The timimg was perfect. The Daily Mail was founded in 1896, the Daily Express in 1900 and the daily Mirror in 1903. Newspapers were affordable and education had swelled the potential readership and the railways made possible the morning delivery of newspapers printed overnight in Fleet Street. Later Bill Tompkins married one of Muscutt’s daughters and joined the business. From here it grew as a family business and when I was a boy in the 40s and 50s Muscutt and Tompkins ran the newsagents, a tobacconists nearby and a stationery goods shop at Number 9, managed by Mrs Tompkins. After the war they added a printing business to their range run by Bill Tompkins son-in-law Reg Tomlin.
As a boy delivering newspapers in the 1950s I saw a lot of this at first hand. Piles of papers wrapped in string wrer picked up from the station before 6am and the hurried activity of the morning would start. The bundles would be cutopen and the papers piled on the counter. All the papers for delivery were counted off and placed in bays opposite the shop counter for the delivery boys. Since Muscutt and Tompkins delivered to about 90% of Wolverton households this was quite a lot. After the paper boys had gone the men heading for work started to arrive on buses and came in to buy their paper and Woodbines. After 7:30, usually as I was finising my paper round, the trickle of men would become a flood as thousands of men would arrive to clock on by 7:45 am. It was a frantic business and Ralph Tompkins, who had succeeded his father, looked to me to be increasingly worried.
In an age of corporations we forget that most busineses in those days were family businesses. Sons could succeed fathers and occasionally you would see shop signs that would proudly proclaim the continuity – “Lawson and Son” for example. In the context of Wolverton Muscutt and Tompkins was one of the more successful family businesses. It went through three generations but not, I think, a fourth.

Wolverton Town Plans

One of the slightly disappointing aspects of this quest is the discovery that the recent past can be so quickly buried. I have been trying to reconstruct the original Wolverton Station settlement and I thought it would be useful to view some of the original plans. Now for years, in fact for over a100 years, these plans were respectfully stored in the Works Offices. Then in the 1960s , when BR was going into decline, they were bundled up an sent to the Wolverton UDC Council Offices in Stony Stratford. Shortly after that Milton Keynes became a fully fledged authority and the old Urban District and Rural Councils were subsumed into the new authority.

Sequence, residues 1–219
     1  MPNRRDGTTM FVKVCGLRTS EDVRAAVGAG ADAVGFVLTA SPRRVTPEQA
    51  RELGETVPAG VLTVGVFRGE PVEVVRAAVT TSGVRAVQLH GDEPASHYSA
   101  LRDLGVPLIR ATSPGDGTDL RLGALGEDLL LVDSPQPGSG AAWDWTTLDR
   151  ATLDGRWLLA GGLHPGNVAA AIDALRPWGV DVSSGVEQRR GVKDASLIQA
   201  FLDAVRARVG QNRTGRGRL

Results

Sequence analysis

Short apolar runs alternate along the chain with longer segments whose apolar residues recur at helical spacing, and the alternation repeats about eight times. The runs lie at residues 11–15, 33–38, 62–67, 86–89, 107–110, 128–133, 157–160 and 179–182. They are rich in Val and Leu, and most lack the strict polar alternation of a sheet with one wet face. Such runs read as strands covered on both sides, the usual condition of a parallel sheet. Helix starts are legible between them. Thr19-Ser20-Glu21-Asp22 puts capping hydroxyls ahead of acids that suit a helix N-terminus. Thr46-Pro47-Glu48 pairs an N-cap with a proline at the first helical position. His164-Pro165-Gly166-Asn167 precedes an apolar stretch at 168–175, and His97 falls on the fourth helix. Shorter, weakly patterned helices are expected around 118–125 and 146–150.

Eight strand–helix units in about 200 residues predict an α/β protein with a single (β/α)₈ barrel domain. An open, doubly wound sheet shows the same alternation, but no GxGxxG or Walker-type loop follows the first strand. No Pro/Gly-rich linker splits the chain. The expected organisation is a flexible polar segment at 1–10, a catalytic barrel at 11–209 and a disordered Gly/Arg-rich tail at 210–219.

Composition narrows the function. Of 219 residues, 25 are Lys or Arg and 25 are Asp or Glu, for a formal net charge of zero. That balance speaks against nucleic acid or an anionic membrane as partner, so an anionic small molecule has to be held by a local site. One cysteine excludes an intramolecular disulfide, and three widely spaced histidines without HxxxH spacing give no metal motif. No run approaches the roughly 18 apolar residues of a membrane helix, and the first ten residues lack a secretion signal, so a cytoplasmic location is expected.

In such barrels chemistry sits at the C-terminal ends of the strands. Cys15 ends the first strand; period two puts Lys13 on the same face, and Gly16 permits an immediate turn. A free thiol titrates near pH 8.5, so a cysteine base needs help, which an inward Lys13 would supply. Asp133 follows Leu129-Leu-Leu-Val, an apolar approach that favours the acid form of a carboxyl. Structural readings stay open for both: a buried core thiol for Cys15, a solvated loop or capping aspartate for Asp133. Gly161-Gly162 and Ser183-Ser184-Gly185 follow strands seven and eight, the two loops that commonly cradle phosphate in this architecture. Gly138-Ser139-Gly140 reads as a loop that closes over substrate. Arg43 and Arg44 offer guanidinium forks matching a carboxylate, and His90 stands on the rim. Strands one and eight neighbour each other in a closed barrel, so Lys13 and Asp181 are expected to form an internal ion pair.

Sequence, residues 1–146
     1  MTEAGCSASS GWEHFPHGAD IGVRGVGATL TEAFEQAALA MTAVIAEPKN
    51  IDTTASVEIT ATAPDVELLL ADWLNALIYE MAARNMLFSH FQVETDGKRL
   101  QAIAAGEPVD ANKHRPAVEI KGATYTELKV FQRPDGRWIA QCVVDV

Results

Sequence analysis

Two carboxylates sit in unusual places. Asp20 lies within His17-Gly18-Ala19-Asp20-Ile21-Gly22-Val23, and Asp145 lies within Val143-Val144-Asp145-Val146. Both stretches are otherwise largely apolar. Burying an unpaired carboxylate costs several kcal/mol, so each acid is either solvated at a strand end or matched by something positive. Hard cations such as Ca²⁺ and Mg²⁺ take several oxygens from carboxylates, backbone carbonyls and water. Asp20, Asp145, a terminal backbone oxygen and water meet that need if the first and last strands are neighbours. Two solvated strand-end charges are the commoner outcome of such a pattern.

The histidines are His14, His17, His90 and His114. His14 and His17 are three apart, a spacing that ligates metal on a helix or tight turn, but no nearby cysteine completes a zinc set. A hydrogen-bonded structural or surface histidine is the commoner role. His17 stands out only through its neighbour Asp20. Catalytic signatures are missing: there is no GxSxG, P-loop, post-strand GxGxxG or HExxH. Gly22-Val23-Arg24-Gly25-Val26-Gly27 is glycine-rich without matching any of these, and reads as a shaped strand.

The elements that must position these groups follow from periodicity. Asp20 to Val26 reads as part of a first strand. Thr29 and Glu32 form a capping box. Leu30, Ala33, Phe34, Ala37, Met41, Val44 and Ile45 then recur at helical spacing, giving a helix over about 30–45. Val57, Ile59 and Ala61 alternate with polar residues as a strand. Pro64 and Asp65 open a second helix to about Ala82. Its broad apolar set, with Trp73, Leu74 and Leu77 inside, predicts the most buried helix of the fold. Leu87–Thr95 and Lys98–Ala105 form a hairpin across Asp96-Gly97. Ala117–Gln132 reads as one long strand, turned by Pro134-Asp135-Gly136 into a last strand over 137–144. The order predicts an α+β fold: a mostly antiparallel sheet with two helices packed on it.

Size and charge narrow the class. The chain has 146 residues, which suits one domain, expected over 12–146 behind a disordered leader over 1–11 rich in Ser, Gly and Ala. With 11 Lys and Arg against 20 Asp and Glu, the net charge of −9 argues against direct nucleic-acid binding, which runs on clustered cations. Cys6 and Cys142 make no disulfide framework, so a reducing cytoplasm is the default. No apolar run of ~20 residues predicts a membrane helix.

At this juncture in history the focus shifts to the future and away from the past and the documents appear to lose their importance. They have not gone to the Milton Keynes or Wolverton libraries nor have they gone to the Buckinghamshire archive in Aylesbury. They may have gone to the Museum at Stacey Hill Farm so I did enquire only to be told that they had no facilities for managing archives.
Back in the 1960s, when Sir Frank Markham was writing his history, one of his researchbassistants was able to go to the works offices and make a drawing of the original settlement from extant plans. I have also seen on the internet a photo of panels made for the Secret Garden project which shows part of those plans. This was made in 2003, so these plans must still be around – somehwere. The question is where?

Railway carriages

These passages are taken from the web pages of the L&NWR Society.

Coach Shape
Prior to 1897 general service corridor carriages were 42ft (or occasionally 45ft) long. Between 1897 and 1903 50ft became the normal length. From 1903 the carriage length was stretched to 57ft, though some composites 52ft 6in long were built from 1910. The longest full brakes were generally of 50ft, though some 57ft vehicles were converted to full brakes after 1918.
For LNWR carriages, the transition from the arc-roof to the cove-roof style came during the 50ft era and that from cove roofs to high elliptical roofs during the 57ft era. The WCJS style changed from arc to elliptical roof without any intervening cove-roof stage.
The top-light style was introduced from 1910.
The earliest dining cars of 1893 were of several different lengths; those built for “The Corridor” (WCJS vehicles) were of 45ft; others were 47ft 9in and 50ft 6in long. Some of these had entrance vestibules at only one end. From 1895 the length was standardised at 65ft 6in, though the very last pre-grouping LNWR diners were 68ft long. Clerestory roofs were usual for both LNWR and WCJS diners until 1907, when elliptical roofs came in for LNWR diners; no WCJS diners were built with elliptical roofs.